HS2 plans 'threaten jobs' in Camden's markets
An area of north London could face up to 9,000 job losses if plans for the HS2 rail link are not changed, a business group has warned.
A report commissioned by Camden Town Unlimited (CTU) claims that the area could lose up to £631m.
Under current plans, HS2 will cut through Camden when its first London to Birmingham stage is completed in 2026.
The report says closing markets for periods could threaten jobs. HS2 said the findings were "scaremongering".
The research, entitled "The HS2 impact on Camden's creative economy", also says that losses to markets could total about £91.8m, with the Stables Market expected to make losses of £39m, and Camden Lock and Hawley Markets losing £24m and £22m respectively.
Shutting down large parts of the markets for extended periods could lead to traders moving elsewhere and a fall in the number of tourists visiting the area, the report suggests.
Will Fulford, of Camden Lock Market, said traders could not afford to take a multimillion-pound hit.
"There is a real threat that the impact of this link will permanently threaten the market's future, causing devastation to our unique local economy that can never be mended," he said.
"Without the markets, Camden will lose some of the magic that has made it the creative hub of London."
HS2 will link Birmingham and London, with tracks to cities including Leeds and Manchester built in a second phase.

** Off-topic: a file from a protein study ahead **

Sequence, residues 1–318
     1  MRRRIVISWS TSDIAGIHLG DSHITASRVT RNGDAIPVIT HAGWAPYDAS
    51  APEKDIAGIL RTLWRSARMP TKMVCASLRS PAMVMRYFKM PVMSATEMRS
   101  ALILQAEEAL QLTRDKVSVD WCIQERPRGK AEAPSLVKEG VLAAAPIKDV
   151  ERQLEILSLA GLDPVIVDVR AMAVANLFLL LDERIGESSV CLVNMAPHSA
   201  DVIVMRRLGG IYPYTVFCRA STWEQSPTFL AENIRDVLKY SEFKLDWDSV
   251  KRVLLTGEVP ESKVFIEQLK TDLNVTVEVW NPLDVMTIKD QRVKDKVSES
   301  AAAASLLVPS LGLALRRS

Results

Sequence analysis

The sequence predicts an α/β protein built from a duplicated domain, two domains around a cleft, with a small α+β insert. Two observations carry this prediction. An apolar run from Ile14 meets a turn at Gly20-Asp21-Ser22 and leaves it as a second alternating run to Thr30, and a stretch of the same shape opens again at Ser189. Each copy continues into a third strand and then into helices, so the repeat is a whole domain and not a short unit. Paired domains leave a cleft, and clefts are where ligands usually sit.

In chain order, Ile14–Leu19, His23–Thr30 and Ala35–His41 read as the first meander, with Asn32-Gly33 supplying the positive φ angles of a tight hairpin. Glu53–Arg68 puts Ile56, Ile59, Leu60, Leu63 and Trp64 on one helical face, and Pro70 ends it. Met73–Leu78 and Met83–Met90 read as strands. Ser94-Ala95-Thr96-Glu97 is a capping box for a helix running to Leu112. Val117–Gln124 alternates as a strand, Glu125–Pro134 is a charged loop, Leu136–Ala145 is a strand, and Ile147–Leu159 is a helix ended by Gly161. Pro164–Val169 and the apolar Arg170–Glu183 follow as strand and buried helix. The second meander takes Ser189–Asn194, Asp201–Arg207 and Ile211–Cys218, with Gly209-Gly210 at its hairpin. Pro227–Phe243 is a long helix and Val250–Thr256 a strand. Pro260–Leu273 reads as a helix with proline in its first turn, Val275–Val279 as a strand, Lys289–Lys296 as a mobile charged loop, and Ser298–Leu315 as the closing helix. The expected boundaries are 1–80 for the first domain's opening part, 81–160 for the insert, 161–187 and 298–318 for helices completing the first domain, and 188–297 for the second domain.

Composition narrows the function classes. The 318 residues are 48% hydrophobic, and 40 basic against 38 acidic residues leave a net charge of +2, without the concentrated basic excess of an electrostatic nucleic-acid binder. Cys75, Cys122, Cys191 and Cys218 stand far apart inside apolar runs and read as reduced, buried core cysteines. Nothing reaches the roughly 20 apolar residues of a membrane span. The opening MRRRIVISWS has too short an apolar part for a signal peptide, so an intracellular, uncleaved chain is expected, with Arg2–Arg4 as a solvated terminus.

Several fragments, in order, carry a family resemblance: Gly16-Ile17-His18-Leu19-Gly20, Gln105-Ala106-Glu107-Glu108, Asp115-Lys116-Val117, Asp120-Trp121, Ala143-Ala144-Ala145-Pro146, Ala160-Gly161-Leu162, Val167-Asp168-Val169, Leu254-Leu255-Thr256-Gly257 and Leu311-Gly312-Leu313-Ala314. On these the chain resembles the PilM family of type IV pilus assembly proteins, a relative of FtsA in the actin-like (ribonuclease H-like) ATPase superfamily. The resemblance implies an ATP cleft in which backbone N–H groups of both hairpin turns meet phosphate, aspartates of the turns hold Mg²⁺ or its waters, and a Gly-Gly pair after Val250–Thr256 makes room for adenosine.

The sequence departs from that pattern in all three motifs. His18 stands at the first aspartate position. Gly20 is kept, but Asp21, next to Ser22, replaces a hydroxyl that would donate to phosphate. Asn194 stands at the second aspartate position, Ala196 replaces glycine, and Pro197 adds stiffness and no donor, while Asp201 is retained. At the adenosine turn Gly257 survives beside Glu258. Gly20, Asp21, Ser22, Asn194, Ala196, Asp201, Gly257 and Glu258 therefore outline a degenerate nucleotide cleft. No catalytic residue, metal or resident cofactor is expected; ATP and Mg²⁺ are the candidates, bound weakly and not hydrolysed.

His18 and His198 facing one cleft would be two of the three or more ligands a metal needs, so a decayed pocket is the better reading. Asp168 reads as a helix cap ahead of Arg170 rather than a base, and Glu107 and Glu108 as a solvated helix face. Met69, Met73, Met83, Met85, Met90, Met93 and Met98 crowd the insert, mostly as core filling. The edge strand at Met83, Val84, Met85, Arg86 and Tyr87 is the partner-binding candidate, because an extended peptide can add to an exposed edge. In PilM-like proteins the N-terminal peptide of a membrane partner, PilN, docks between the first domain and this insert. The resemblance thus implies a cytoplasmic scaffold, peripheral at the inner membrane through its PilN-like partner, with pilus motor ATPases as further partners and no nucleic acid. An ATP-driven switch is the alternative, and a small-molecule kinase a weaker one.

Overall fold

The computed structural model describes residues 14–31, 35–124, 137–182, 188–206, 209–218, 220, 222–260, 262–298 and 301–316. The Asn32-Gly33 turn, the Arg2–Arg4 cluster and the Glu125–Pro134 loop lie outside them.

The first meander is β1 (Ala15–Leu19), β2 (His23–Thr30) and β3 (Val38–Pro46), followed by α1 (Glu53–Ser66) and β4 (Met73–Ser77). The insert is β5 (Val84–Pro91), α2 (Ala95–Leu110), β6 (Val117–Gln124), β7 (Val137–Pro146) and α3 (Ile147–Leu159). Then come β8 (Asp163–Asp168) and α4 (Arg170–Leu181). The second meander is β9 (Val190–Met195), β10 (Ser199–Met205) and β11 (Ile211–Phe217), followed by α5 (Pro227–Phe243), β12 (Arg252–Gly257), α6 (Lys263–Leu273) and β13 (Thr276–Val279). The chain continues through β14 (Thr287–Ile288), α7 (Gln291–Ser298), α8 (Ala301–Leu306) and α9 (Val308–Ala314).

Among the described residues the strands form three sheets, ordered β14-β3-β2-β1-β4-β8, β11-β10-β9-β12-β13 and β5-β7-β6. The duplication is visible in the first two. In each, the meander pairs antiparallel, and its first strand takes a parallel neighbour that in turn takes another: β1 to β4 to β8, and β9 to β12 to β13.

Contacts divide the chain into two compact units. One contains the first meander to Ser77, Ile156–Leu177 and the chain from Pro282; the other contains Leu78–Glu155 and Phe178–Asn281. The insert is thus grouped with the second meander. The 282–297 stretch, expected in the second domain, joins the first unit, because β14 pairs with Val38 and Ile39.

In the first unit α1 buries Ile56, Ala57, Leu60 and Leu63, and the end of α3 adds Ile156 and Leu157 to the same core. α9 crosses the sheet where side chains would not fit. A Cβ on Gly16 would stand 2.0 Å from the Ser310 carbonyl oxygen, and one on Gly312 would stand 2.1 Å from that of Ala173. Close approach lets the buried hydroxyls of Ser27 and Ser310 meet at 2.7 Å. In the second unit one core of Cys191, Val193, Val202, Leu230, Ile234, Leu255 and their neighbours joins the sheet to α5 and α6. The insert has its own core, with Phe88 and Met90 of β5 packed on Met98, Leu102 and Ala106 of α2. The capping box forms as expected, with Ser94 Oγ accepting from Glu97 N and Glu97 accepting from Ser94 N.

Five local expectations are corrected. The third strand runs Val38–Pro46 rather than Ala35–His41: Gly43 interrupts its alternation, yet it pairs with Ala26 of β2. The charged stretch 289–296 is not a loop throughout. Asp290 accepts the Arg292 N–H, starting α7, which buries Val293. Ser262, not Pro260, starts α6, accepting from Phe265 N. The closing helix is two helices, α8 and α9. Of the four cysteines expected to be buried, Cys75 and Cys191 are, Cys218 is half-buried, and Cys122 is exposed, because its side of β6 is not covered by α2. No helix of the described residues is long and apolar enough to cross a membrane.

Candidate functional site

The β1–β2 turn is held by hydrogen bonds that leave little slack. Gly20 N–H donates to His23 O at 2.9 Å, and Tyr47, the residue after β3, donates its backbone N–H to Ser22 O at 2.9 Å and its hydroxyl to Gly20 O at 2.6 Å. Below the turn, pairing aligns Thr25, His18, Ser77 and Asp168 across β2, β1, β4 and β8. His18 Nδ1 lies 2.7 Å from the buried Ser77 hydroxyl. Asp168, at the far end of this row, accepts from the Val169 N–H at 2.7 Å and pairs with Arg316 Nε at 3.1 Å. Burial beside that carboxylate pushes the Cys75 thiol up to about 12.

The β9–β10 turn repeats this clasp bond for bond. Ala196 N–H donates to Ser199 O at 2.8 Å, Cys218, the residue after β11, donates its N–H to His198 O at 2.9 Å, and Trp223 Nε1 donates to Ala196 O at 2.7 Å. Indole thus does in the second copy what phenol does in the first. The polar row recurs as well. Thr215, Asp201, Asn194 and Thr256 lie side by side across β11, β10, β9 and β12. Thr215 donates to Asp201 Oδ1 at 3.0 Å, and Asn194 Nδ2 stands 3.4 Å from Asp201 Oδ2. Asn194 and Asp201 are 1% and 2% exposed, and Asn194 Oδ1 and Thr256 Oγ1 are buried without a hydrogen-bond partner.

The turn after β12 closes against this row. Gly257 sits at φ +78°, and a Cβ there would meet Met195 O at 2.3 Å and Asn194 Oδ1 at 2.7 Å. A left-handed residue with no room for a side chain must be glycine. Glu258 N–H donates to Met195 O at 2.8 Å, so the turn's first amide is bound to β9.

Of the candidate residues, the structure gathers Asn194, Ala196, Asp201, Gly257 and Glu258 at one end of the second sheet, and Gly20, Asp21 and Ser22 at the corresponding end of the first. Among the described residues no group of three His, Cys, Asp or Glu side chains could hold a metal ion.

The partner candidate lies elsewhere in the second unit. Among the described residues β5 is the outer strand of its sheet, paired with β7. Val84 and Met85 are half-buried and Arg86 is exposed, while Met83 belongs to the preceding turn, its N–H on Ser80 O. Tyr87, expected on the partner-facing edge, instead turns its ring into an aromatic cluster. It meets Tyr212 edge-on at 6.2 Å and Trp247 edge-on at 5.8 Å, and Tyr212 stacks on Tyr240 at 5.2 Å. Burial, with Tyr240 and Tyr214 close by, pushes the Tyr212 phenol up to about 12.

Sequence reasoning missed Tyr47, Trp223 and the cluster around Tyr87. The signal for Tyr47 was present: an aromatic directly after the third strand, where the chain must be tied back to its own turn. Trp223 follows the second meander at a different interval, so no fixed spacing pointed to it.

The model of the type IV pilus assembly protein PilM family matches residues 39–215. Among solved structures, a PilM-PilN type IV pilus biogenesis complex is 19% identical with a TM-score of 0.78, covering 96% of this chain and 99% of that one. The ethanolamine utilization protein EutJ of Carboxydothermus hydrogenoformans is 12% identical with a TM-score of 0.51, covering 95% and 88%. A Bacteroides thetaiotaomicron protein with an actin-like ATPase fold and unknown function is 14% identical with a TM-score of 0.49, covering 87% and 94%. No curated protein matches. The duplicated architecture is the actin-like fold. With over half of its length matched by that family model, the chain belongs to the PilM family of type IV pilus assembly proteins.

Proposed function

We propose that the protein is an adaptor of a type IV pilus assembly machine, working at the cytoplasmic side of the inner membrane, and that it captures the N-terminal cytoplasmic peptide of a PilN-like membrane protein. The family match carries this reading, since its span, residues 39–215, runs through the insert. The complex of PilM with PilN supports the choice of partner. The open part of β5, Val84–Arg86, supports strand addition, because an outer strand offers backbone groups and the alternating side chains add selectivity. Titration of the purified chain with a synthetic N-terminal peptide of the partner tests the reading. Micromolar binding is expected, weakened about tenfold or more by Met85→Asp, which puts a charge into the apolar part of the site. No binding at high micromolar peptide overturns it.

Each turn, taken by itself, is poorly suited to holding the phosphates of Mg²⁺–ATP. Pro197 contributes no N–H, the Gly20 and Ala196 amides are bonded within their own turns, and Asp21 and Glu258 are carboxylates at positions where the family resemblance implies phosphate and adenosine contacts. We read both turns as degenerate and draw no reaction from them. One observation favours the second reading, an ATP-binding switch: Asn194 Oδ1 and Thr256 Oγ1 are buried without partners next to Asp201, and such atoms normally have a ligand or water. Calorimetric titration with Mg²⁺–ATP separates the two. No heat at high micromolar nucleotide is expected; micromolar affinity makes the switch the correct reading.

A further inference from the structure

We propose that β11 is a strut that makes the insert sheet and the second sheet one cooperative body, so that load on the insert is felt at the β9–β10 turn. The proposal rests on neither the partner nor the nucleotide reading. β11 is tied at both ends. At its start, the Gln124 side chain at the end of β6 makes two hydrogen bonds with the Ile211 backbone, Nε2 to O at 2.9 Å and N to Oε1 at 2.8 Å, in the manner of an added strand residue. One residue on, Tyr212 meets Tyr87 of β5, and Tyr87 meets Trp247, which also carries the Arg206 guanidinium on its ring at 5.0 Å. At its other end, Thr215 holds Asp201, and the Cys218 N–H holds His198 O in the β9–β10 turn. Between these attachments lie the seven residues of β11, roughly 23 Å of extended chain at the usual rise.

Ministers argue HS2 will boost the UK's economy and slash journey times to and from London. A recent report by KPMG suggested the new line could generate £15bn a year in "productivity gains" for the UK - with Greater London being one of the biggest beneficiaries.
CTU chief executive Simon Pitkeathley said: "We are committed to working with government and HS2 to make sure that any impact to Camden Town from the rail link is kept to an absolute minimum.
"The best way to do this is to put the link underground."
Ben Ruse, from HS2 Ltd, said parts of the report were "not true" as HS2 had never said it would close large sections of Camden markets.
"It is a shame that the findings of this report are nothing more than scaremongering - we are even working with Camden and the markets to ensure any associated HS2 works do not deter visitors," he said.
"Reports of this nature are damaging but we look forward to building relations with all parties, including stall holders in a measured, sensible and productive way."